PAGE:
Global Connect helps put students on college track
- November 14, 2013
- Mission Viejo High School freshmen kick off the program's 2013 campus visits
To many high school freshmen, college is a far off thought, something to worry about down the road as graduation draws near. But having a college plan in mind at an early age is a huge advantage to actually getting into a four-year school, and one that 95 freshmen at Mission Viejo High School helped put in motion Nov 8 with a visit to UCI. Part of the campus’s Global Connect program, the students took part in campus tours, Q&A panels with current students and a sit-down with UCI’s admissions office where they got the ins and outs on getting into a UC. The visit is one of three Global Connect will host throughout the year for its participating high schools.
“One of Global Connect’s goals is to prepare students for higher education while providing college mentors who serve as academic interns in the high schools. One practical way we do this is by bringing students to the university, acquainting them to college life, and guiding them to take the right steps now in order to be competitive in the future,” says Jessica Chan, Global Connect’s new director and a 2007-09 program alumnus. Chan took over the program this year following the retirement of Ellen Schlosser who remains an active participant as the Global Connect curriculum development advisor. “Global Connect made such a tremendous impact in my life as an undergraduate; I hope to be able to facilitate the same for those involved in the program.”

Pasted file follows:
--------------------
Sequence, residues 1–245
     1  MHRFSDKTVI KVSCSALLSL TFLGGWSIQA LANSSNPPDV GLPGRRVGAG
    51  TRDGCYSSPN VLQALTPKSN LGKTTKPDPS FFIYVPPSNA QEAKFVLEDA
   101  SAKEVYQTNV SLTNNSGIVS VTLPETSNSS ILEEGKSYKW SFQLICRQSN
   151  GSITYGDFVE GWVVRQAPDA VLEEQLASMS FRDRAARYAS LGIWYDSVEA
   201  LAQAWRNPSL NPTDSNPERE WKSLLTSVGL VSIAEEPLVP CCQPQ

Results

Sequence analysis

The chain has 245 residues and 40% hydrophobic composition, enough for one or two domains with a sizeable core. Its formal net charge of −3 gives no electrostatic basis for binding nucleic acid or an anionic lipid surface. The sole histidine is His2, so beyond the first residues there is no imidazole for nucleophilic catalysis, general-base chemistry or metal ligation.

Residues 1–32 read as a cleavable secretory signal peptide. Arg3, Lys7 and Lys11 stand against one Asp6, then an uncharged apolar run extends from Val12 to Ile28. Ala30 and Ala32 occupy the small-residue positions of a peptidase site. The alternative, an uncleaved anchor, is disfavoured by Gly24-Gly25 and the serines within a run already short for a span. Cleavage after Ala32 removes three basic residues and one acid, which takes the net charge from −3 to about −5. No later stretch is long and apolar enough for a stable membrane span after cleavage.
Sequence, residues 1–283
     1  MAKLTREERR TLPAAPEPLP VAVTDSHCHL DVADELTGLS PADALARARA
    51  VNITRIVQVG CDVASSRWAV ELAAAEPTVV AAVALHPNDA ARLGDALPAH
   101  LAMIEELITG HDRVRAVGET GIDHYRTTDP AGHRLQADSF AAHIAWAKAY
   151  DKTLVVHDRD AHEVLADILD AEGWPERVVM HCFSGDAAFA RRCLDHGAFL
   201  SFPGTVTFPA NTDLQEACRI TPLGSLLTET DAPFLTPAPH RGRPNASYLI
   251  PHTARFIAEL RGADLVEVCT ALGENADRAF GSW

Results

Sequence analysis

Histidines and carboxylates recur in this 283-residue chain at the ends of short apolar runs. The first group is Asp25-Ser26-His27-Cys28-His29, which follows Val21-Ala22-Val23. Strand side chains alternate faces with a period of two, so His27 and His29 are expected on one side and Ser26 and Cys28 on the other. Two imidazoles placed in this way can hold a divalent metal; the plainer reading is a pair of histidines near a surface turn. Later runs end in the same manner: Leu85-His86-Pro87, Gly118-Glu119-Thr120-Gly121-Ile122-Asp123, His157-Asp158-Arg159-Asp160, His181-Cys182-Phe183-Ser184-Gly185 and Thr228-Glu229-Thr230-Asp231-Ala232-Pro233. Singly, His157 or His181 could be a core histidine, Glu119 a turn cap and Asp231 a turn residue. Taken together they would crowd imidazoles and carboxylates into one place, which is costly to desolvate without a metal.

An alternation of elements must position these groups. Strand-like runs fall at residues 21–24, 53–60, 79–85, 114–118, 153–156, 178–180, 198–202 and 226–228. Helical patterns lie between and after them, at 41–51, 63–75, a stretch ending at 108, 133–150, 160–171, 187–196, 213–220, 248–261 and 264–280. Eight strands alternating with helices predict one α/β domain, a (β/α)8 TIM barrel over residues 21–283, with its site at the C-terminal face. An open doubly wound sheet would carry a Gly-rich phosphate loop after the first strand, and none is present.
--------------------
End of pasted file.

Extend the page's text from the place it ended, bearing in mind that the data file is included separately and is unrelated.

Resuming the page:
Global Connect is a high school curriculum program developed by UCI faculty and students who team-teach issue-focused lesson plans alongside high school educators in the Newport-Mesa and Saddleback Valley school districts. Topics include climate change, terrorism, mass media and technology in a global society – areas not covered under current state education standards but topics in which UCI researchers excel. The real-time course content reflects the continually changing world landscape while bringing new and updated university research directly to high school teachers. The year-long curriculum is a University of California regent-approved "a-g" elective. Launched in 2001, the program has reached more than 8,000 OC high school students. More than 400 UCI undergraduate and graduate interns have helped develop and teach course content, and two-thirds of the undergraduates have gone on to attend graduate school or become educators. Six former interns have received Fulbright scholarships.
-Heather Ashbach, Social Sciences Communications
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